These are not isolated incidents. After the fall of totalitarian terror in 1983, trying to disrupt the consensual democratic culture was a violent practice in full swing. These anti-democratic practices do not threaten democracy from without: they do so from within. Sectors where its protagonists gain access to institutions through free elections but, once in them, contribute to fueling a political culture dominated by high levels of violence, brutality and impunity. They operate in democracy but try to outlaw it.

Direct violence, physical and verbal, coexists with institutionalized violence. This is what the Vice President noted during closing arguments before the highway court: “It’s more of a firing squad than a court.” “As I said on December 2, 2019, at the beginning of this trial, the sentence was written. I never thought it would be written so badly,” he said, adding that the allegation was a series of lies and even non-existent facts.

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Something similar emerged in Claire’s newspaper opinion piece after the assassination attempt: “Christina, between the missed bullet and the missed verdict,” in which the bullet and the verdict were equated. , looking forward — without meaning — is the metaphor used by the Vice President when he relates the firing squad to the court that judges him.

These violent shocks also have various international precedents.

On January 6, 2021, supporters of Donald Trump took over the two-chamber Capitol of the US Congress, violently disrupting a joint session of the legislative branch seeking to confirm Joe Biden’s victory for several hours. Elections. 2020 Presidential Elections. Images of protesters wearing buffalo hides and large horns or sporting racist symbols traveled around the world.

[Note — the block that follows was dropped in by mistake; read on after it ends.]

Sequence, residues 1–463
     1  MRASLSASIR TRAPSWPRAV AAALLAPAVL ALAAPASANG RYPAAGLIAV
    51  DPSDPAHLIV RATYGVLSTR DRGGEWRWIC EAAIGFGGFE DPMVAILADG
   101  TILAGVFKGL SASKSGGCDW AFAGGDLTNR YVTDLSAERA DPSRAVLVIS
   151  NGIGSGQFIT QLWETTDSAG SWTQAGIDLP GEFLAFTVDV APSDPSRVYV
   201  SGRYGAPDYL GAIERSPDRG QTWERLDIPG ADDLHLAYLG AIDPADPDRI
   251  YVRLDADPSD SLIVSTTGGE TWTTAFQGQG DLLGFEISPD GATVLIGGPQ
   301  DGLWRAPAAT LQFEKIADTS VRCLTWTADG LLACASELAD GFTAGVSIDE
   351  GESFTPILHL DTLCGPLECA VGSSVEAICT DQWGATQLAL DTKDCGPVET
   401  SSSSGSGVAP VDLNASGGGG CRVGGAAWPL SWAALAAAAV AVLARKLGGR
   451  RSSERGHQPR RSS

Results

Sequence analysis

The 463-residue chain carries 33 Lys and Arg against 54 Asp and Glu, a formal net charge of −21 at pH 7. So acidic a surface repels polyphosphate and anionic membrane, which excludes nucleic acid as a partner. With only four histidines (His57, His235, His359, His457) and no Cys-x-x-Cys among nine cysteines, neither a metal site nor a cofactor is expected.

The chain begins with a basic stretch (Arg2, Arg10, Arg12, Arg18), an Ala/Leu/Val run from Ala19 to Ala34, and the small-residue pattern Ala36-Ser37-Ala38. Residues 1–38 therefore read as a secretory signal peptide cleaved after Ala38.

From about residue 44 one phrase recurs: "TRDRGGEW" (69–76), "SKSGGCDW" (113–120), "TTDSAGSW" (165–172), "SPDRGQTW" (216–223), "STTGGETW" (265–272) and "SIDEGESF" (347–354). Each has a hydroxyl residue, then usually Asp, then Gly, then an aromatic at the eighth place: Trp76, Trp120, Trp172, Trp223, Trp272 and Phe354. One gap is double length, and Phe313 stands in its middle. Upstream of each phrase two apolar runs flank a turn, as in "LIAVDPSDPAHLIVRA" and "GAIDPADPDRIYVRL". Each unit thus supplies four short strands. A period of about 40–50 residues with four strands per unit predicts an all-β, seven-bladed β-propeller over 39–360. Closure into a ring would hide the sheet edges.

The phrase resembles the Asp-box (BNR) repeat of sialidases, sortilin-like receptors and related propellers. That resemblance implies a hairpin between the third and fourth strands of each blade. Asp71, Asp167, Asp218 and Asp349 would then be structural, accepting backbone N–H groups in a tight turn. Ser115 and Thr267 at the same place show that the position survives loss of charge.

In November, after Lula won Brazil’s election, pro-Bolsonaro protesters blocked a road near São Miguel do Oste in Santa Catarina and staged a Nazi salute in front of a military platoon. They did not accept Lula’s victory and called for military intervention.

Where laws are framed, the displays of barbarism, brutality and obscenity by representatives of the Constituent Assembly for Change in the National Parliament are part of a long line of anti-democratic incidents created by the worst right wing. Nationally and globally in recent times the extreme right.

Forty years after the return to democracy, we are deeply concerned about these acts of violence that could mean an attempt to return to authoritarian regimes. Why return to autocracy? Other older efforts include a return to a private pension system, reforming labor laws, and promoting policies such as privatization of public enterprises.

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Parliament must soon approve a tax data exchange agreement with the United States that would allow access to information about Argentina’s undeclared funds and assets in that country. If this comes into effect, according to the calculations revealed, a taxable base of at least US$100,000 million will be created. At the same time, are the opposition parties trying to weaken and discredit the parliamentary system?

* National Vice President of the Frente de Todos and President of the Solidarity Party